Strivers and The Know-How City

LAST NIGHT, the students in my “Telling L.A.’s Story” workshop put the final touches on their photo blogs. The subject: Genius Loci. The assignment was an attempt to see how deeply they were thinking about not just the city, but their relationship to it/themselves in it — while taking into account all that they’ve read, heard, observed in class this semester. I was particularly touched by the ones who really did try to go deep and figure out how the last few weeks had altered their way of thinking about a city that oftentimes is so shrill and overbearing you just want to close your ears and hide in a closet. But, many of them reflected on the past, why their parents had come, deals they’d walked away from, stress they decided they didn’t need any longer. Many of them tried to find words to describe a feeling that is still in the midst of forming. The brick and mortar of decisions that they are making that are becoming the foundation for their lives. They are still forming.

I’ve been writing/blogging/photographing with them. The exercise sent me back — way, way, way back — to my baby-sitters street in the 70s off of Slauson and those little houses that lined her neat, postcard perfect street. They didn’t call South L.A. “South L.A.” then. They didn’t call it South Central either. It was just an L.A. neighborhood where people settled in, planted gardens, raised families, lined white picket fences around their property and painted the houses soft, dreamy colors: pastel candies — pink, yellow, green and turquoise.

The turquoise house sent a message to my young soul — that someone who had that workaday job, who was trying to raise a family on a little bit of paycheck, still had a sense of hope and wonder. Home meant something special and beautiful — particularly in a desert that tried to pass for a tropical oasis. So what if much of the dream ended up being a mirage — the house was solid: a roof, four walls sining: “This is me. This is mine.”

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You Can’t (and Shouldn’t) Go Home Again

I’VE BEEN nosing around in my past lately. Not always a great idea … but it was for a project I’m tangentally working on that has now become a “project/project” and so . . .

Assignments formalize things, even feelings. Over the last few weeks, I’ve been going to old places that are suffused with memories — glorious and, well, heart-breaking. In certain ways even these roads, changed — for better and for worse — seem to mirror the same feeling. Looking back is strange business. There aren’t maps or GPS for that.

(Downhill/Uphill)

— e. parque., images by l.g.

Genius Loci: L.A.’s Spirit

I’M WORKING on a project with my feature writing class. We’re exploring L.A.’s essence. It’s difficult, we’re finding, trying to sum up Los Angeles in a simple sentence –even within the space of a medium-legnth feature story can be a challenge. Sometimes pictures tell us more — or at the very least can convey what words only swirl around. I’ll be posting some of their findings — but here’s a quick preview — some visual meditations of my own.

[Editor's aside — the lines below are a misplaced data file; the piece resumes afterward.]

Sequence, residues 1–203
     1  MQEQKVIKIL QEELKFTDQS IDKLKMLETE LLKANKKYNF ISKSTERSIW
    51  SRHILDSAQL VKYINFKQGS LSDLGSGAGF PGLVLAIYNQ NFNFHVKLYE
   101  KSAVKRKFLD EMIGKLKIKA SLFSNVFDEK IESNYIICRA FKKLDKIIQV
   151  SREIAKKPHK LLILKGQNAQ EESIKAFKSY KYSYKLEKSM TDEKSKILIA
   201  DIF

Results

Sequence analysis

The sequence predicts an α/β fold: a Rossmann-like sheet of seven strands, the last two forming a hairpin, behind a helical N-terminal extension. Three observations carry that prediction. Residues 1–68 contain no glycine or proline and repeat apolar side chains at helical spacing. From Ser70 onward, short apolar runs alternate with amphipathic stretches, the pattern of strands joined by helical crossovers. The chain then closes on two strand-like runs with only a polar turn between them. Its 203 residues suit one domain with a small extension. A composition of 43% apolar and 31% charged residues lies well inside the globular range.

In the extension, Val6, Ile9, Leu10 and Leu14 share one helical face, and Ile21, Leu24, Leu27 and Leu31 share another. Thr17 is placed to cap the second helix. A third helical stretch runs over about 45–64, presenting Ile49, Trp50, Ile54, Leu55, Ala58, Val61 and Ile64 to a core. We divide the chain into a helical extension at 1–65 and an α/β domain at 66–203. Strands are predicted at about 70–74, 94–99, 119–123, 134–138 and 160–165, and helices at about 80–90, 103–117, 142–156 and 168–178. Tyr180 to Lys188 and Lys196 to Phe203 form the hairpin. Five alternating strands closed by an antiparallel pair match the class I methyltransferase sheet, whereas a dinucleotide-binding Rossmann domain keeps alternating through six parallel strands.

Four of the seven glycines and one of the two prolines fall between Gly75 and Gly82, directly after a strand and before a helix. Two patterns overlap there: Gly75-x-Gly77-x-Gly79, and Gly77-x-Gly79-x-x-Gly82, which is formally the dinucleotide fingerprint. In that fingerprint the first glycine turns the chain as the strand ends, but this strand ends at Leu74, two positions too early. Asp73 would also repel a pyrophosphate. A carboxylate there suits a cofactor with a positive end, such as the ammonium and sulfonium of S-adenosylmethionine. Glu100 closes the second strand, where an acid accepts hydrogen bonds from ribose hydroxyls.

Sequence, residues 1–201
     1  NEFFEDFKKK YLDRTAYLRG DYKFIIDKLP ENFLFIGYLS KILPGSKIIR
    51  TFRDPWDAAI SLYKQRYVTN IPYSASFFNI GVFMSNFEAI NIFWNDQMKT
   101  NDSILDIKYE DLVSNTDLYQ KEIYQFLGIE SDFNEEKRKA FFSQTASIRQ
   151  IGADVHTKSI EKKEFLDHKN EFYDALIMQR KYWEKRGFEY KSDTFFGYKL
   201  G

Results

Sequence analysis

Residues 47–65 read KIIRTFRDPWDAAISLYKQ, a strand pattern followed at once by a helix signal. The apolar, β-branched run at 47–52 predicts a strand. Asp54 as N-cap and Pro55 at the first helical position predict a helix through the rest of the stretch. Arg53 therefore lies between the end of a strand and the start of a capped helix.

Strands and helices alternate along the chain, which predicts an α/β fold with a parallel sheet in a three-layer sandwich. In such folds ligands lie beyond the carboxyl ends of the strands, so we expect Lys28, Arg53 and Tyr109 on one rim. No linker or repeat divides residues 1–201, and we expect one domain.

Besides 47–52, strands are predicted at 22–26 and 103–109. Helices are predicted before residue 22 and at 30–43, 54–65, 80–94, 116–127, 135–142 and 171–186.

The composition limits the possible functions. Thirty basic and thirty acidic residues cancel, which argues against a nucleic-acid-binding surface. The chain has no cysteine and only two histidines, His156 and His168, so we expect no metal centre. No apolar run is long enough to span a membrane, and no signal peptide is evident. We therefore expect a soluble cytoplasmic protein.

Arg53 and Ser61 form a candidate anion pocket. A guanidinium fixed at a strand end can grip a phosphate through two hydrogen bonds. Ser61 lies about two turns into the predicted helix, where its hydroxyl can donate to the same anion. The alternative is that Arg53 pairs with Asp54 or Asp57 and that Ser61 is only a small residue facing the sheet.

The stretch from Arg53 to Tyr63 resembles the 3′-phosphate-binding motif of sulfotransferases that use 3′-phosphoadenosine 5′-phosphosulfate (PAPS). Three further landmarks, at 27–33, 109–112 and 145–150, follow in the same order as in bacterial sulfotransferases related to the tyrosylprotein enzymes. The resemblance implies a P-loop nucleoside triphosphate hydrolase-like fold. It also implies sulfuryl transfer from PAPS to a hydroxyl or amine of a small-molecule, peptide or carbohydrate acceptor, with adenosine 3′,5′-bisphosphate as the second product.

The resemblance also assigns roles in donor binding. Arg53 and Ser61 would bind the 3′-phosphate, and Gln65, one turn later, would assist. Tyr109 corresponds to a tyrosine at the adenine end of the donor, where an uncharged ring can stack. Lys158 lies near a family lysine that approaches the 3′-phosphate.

Rewind: Googie

OVER AT L.A. Observed Kevin Roderick’s featured post is about architect Eldon Davis, “icon of Googie architecture” . He passed away last week here in Los Angeles. He was 94.
If you made toast at the tables at Ships, or sat in one of the booths at Tiny Naylor’s or had one of the scarily low-priced steak and eggs breakfasts at Norms, you know all about Googie. My mother often retold a story about how the two of were caught in the lunch rush at Googie’s — the coffee shop downtown — and were being ignored by the waitress. My mother’s patience was waning rapidly. and she said, I kept asking her — and not in a whisper — if we were going leave and not pay. I probably was about three or four, so “dine and dash” was not in my vocabulary. My mother was mortified. I don’t think we went back to Googies after that, but I have fond memories of all the beautiful shapes and shiny, fanciful space-age squiggles that really firmly place me back in my L.A. childhood.

Way Back Machine: Los Angeles in the 1940s

ALL I can say is “sigh.”
On Sundays, my family, like so many across the country and beyond, used to take advantage of space and a clock that for many of us felt slowed-down if only for 24-hours. That’s what Sunday was for. I wasn’t around this far back to see this Los Angeles. This Los Angeles is the city my parents arrived in from points East and South. They looked around and figured, well, why not try this out.

I stumbled upon this image one night recently (and a set of others here) and realized, as I looked at many of these gorgeous photographs of an L.A. that I got a quick-glimpse of as a child some decades later, that I don’t really drive L.A. end to end the way I used to. We all sit and stew and swear. That Sunday drive now for me is virtual, but boy was it great to reach back and see these gorgeous shots of buildings I’d circle over and over on foot or in my car as a teen.

There is still that magic here some Sunday afternoons. It’s just harder to see and hear now — but you feel glimpses on occasion, on a hot day fueled by a furious Santa Ana, it’s the jasmine and the honeysuckle a float on the wind– like a ghost drifting by.

— images via “A Selection by Allen Roth